You can see an extremely slight wobble in the lines I drew with a ruler on the testing page. The wobble is extremely minimal so it shouldn’t have an effect on your drawing. The pen pressure is extremely smooth as well.
There were no problems regarding the tablets performance at all.
Regarding the temperature of the tablet, no parts of the screen become even close to unbearably warm. The bottom middle area becomes slightly warm compared to the rest of the screen, but that is all.
There were no problems regarding extended use of the tablet.
Another issue I had with the tablet was that FHD resolution of 1920x1080p actually looks kind of pixelated on a 15.6-inch monitor. FHD resolution is fine on a normal 15.6-inch monitor because your face is actually quite far from the screen while typing/working/gaming. However, on a drawing monitor, your face gets really close to the screen so the pixels become quite apparent, especially on a super clear glass screen with no texture like on the XP-Pen Artist 15.6.
The reason that this was never a problem with the Wacom Cintiq 22HD (which also has FHD resolution on a 22-inch screen) is because of the texture and how it blurs the actual screen below it. Because of the blur, no one sees the pixelation in the first place so no one complains about FHD resolution being too low for the Cintiq 15.6s 15.6-inch screen!
Overall, I couldn’t actually find an issue about the drawing during my drawing.
To sum it up, there are following pros (+) and cons (-):
+ the unbeatable price of £399.99.
+ almost 16 inches, which is a good size to draw on
+ feels like it has a good quality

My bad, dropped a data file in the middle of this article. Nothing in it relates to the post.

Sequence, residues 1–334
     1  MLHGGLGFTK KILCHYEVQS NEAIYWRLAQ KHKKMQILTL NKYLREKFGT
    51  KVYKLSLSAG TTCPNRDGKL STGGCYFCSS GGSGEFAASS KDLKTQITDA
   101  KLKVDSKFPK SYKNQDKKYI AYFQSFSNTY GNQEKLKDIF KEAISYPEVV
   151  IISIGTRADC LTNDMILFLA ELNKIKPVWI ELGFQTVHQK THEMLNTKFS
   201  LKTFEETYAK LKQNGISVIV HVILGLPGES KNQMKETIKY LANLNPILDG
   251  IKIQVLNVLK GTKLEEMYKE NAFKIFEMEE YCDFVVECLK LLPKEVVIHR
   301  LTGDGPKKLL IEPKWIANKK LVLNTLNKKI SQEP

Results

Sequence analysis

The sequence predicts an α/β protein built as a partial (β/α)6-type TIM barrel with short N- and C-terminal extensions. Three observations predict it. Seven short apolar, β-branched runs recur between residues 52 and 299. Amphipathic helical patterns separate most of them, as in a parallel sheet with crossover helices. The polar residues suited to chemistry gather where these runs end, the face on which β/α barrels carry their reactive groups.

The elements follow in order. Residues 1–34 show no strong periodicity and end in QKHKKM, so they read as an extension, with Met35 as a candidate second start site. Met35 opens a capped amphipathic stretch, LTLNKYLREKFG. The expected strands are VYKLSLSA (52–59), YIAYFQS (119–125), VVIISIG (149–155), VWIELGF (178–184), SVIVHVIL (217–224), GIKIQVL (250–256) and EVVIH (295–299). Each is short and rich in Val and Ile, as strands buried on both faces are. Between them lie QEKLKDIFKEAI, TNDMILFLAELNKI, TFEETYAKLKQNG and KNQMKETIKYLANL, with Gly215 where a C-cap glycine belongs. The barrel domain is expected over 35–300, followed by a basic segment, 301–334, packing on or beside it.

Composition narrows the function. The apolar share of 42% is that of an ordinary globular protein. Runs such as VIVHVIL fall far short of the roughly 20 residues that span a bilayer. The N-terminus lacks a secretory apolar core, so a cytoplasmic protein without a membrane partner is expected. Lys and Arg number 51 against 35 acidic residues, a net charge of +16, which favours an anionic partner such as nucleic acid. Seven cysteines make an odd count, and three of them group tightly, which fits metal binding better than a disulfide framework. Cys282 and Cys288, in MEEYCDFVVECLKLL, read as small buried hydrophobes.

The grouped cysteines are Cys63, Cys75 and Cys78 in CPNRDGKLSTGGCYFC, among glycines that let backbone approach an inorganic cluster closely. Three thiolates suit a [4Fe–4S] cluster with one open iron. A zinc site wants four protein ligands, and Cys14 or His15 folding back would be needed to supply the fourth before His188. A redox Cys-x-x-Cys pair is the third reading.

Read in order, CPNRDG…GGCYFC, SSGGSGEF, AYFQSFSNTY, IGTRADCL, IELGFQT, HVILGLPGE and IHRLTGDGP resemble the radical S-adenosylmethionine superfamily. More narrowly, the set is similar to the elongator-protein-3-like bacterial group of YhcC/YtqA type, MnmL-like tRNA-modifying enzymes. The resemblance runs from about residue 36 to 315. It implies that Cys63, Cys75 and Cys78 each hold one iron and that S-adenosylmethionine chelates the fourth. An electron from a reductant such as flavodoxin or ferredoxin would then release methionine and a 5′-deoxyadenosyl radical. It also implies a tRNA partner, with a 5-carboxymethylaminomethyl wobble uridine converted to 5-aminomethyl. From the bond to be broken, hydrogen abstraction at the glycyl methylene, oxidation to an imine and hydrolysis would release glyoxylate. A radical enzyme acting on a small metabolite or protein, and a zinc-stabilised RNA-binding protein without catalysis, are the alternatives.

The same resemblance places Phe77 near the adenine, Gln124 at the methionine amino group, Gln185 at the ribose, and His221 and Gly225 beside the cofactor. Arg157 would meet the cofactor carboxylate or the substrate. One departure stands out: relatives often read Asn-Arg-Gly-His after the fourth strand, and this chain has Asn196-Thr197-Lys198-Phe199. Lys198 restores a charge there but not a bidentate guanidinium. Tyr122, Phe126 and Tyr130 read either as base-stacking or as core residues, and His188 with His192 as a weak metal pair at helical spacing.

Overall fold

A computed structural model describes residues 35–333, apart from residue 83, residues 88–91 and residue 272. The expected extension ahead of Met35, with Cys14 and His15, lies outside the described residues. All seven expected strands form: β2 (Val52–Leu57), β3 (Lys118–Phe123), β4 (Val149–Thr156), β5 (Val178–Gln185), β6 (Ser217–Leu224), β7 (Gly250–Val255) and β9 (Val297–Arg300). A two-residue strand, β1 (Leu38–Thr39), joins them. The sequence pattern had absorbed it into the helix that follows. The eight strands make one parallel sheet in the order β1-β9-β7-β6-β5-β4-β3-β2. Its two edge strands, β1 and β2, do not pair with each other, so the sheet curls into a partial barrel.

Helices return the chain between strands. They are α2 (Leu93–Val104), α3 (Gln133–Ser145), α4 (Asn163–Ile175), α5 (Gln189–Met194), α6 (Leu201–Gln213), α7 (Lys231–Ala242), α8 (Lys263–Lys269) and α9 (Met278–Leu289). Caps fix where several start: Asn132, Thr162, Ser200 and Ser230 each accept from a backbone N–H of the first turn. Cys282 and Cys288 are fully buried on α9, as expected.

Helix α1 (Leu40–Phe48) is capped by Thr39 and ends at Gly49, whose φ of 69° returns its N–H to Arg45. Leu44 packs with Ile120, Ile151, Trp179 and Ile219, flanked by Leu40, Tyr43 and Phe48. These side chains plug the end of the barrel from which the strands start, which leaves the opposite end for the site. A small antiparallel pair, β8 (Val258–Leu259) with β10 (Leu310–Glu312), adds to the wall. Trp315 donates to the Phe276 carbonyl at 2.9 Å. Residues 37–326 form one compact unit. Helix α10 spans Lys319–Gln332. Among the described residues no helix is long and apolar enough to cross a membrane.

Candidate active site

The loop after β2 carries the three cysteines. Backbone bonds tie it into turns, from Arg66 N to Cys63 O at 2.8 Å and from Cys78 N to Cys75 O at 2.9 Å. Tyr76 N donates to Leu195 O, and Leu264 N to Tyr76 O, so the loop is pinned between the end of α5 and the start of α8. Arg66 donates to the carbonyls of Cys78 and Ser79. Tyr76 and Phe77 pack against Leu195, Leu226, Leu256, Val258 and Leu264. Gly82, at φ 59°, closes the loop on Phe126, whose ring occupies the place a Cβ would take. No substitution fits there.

+ so much accessoirs like adapter, glove, tissue,…
+ Full HD resolution 1920 x 1080
+ 8192 levels of pressure sensivity
+ passive pen that doesn’t need batteries or charging
+ if your PC gives enough power, you don’t need an external power source
+ light and compact device
+ 6 adjustable express keys on the device and 2 on the pen
There also are things, which I don’t directly consider as cons, but you have to be aware of them before buying:
– pen is light and feels a bit “cheap” compared to a Wacom pen
– slight parallax of 1mm, can be corrected by callibration, but is still there
– Sometimes the pen doesn’t react on the edged below (e.g. at the task bar) immediatly. Then you have to put the pen away from the edge and then it works again.
– The matte screen protector eats the nibs so fast!! Luckily, you can buy extra nibs quite cheap.
– different colors on the XP-Pen Artist 15.6 pen display tablet monitor than on my laptop monitor, needs a bit callibration
– no included stand, but you can buy from any other brand
– NO pen tilt
– NO eraser on the pen
– just one year warranty
But all in all, you get a solid drawing device for a fair price!
I personally like this display tablet because either I can live with the cons or I don’t miss them.
I didn’t use a Wacom Cintiq long enough for a proper comparison, but regarding the price difference, I would have compared apples with pears.
In my opinion, this is a good drawing device for hobby or semi-professional artists! Since I’m no professional artist, I don’t know if it would match their expectations.
But I also wouldn’t spend over $2000 for such a gadget.
The support is nice and helpful. I contacted them before because I was afraid of getting the same experience with a bad support again. But they are very nice and understanding!
Maybe there is no “Wow” feeling like when I first touched a Wacom Cintiq, but this is a matter of mind, I guess. You don’t need an expensive tool to make great art, please remember!
In the end, it’s the artist behind the device or tools!
I hope, this review helps a bit!